The patient was seen initially in the outpatient dermatology clinic in June 2015. He reported that the nodular lesions on the right supraclavicular area had been present for about a year. However, the nodules had recently become firm and tender. The site was otherwise asymptomatic, and he denied any associated itching or bleeding. At the time, the patient denied any other skin lesions or concerns and declined a full skin examination. Therefore, the initial physical examination was limited to the right supraclavicular region and right anterior tibia. Examination revealed a well-healed pink linear surgical scar on the right supraclavicular area with a 4-mm firm dermal papule located on the lateral border of the scar, a 1-cm firm dermal plaque within the central portion of the scar, and a similar-appearing 1-cm firm dermal plaque on the medial border of the scar (Figure 1). Surrounding erythema was noted; however, no fluctuance, warmth, or tenderness was present. The melanoma excision site on the right anterior tibia was well healed without evidence of recurrent pigmentation or nodularity.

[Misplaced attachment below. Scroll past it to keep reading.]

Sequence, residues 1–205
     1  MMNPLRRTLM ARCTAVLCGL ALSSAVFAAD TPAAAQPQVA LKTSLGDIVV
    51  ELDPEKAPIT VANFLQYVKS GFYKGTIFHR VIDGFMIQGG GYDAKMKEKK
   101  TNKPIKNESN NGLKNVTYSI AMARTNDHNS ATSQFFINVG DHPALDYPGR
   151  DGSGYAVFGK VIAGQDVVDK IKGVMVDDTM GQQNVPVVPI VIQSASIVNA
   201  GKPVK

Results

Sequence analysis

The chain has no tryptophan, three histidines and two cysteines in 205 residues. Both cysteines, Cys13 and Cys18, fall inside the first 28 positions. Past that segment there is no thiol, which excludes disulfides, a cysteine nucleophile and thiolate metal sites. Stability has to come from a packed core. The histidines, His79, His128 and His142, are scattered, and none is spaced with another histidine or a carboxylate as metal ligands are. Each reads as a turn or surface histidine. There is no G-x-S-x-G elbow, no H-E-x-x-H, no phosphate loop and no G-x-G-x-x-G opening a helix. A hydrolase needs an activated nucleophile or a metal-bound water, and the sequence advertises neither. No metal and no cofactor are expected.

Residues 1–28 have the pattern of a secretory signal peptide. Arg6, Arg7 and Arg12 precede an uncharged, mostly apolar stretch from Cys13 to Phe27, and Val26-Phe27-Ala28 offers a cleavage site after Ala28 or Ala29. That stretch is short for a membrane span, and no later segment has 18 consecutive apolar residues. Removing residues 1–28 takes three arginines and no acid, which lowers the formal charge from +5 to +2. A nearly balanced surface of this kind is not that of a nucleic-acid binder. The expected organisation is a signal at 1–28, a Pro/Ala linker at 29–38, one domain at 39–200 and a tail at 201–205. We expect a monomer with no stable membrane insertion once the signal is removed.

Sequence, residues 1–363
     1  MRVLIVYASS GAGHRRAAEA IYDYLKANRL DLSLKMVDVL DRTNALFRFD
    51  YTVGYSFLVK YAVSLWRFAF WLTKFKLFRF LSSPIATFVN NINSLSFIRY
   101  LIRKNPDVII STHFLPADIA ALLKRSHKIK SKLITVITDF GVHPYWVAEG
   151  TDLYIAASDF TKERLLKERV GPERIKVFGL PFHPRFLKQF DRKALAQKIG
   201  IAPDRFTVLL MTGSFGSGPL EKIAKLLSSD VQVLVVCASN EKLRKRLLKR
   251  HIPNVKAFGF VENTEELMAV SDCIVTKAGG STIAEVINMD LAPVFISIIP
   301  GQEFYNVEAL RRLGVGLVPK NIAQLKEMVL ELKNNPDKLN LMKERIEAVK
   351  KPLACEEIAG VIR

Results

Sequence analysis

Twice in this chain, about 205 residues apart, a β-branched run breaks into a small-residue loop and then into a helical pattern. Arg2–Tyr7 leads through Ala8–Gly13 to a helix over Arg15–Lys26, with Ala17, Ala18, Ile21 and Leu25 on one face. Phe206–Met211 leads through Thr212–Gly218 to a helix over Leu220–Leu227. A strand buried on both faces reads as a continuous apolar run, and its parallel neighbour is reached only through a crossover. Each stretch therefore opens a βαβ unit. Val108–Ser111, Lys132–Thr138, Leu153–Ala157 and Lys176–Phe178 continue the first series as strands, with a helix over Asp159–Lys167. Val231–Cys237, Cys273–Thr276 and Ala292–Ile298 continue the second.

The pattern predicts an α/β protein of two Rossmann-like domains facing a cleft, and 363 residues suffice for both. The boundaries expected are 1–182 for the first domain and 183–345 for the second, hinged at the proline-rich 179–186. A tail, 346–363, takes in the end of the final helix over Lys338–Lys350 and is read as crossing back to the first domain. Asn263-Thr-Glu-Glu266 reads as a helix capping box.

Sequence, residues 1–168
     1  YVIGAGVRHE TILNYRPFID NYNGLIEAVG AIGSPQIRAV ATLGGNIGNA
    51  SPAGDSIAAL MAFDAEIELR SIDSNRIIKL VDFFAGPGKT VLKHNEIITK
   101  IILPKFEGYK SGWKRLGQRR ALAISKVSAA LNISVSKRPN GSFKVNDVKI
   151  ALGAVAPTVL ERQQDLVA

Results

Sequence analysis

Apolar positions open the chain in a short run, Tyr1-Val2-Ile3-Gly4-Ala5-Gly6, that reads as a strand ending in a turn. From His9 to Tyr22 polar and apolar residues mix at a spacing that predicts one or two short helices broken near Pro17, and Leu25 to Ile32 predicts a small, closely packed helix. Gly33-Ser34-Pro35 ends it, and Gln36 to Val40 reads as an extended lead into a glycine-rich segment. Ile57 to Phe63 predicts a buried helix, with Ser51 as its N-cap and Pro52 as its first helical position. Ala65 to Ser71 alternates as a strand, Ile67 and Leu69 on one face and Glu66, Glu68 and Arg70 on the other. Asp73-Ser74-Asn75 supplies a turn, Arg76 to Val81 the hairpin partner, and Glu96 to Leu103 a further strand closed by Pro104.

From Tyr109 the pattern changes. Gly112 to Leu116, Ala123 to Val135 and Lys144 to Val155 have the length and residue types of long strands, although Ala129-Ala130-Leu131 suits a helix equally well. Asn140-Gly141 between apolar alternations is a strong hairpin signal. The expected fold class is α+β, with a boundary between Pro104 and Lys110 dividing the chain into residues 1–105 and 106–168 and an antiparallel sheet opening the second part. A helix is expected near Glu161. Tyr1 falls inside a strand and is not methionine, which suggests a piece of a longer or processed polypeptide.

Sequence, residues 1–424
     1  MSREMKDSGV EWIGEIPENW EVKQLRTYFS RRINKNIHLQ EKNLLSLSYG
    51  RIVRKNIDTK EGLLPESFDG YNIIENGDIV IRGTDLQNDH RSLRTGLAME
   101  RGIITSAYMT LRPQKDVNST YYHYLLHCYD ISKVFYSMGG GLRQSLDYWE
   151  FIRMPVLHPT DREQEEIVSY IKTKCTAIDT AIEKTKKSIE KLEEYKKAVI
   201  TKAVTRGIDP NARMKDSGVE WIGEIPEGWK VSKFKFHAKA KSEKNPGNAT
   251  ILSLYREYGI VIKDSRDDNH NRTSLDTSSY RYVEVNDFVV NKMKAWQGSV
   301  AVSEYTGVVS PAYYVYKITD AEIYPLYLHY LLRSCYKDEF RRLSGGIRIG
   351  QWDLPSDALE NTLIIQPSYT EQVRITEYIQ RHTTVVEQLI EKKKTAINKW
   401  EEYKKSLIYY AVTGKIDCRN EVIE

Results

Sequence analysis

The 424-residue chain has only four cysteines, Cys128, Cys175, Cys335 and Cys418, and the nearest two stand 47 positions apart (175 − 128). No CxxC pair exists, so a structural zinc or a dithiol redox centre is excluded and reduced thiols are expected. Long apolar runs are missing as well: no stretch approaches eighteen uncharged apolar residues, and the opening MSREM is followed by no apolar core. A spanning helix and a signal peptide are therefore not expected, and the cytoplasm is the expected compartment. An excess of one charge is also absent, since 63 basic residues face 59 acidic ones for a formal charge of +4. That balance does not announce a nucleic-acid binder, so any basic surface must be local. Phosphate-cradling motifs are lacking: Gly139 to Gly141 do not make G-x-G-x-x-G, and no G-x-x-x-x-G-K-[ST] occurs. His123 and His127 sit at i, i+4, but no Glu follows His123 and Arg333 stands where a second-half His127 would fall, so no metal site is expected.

A biopsy was recommended from the right supraclavicular area. Differential diagnoses included cutaneous metastatic RCC, metastatic melanoma, cyst, and foreign body reaction. A punch biopsy was taken from the right supraclavicular area within the lateral portion of the scar where the firm papule was noted. He was instructed to return in 2 weeks for suture removal.
The pathology revealed:
Dx: Infiltrative carcinoma with a papillary component, consistent with a clinical history of metastatic renal cell carcinoma to skin. Lymphatic (small vessel) invasion present. On immunostaining x 4, the tumor was positive for CK7, PAX8 and PAX2; and it was negative for CK20.
Dermatology Visit 2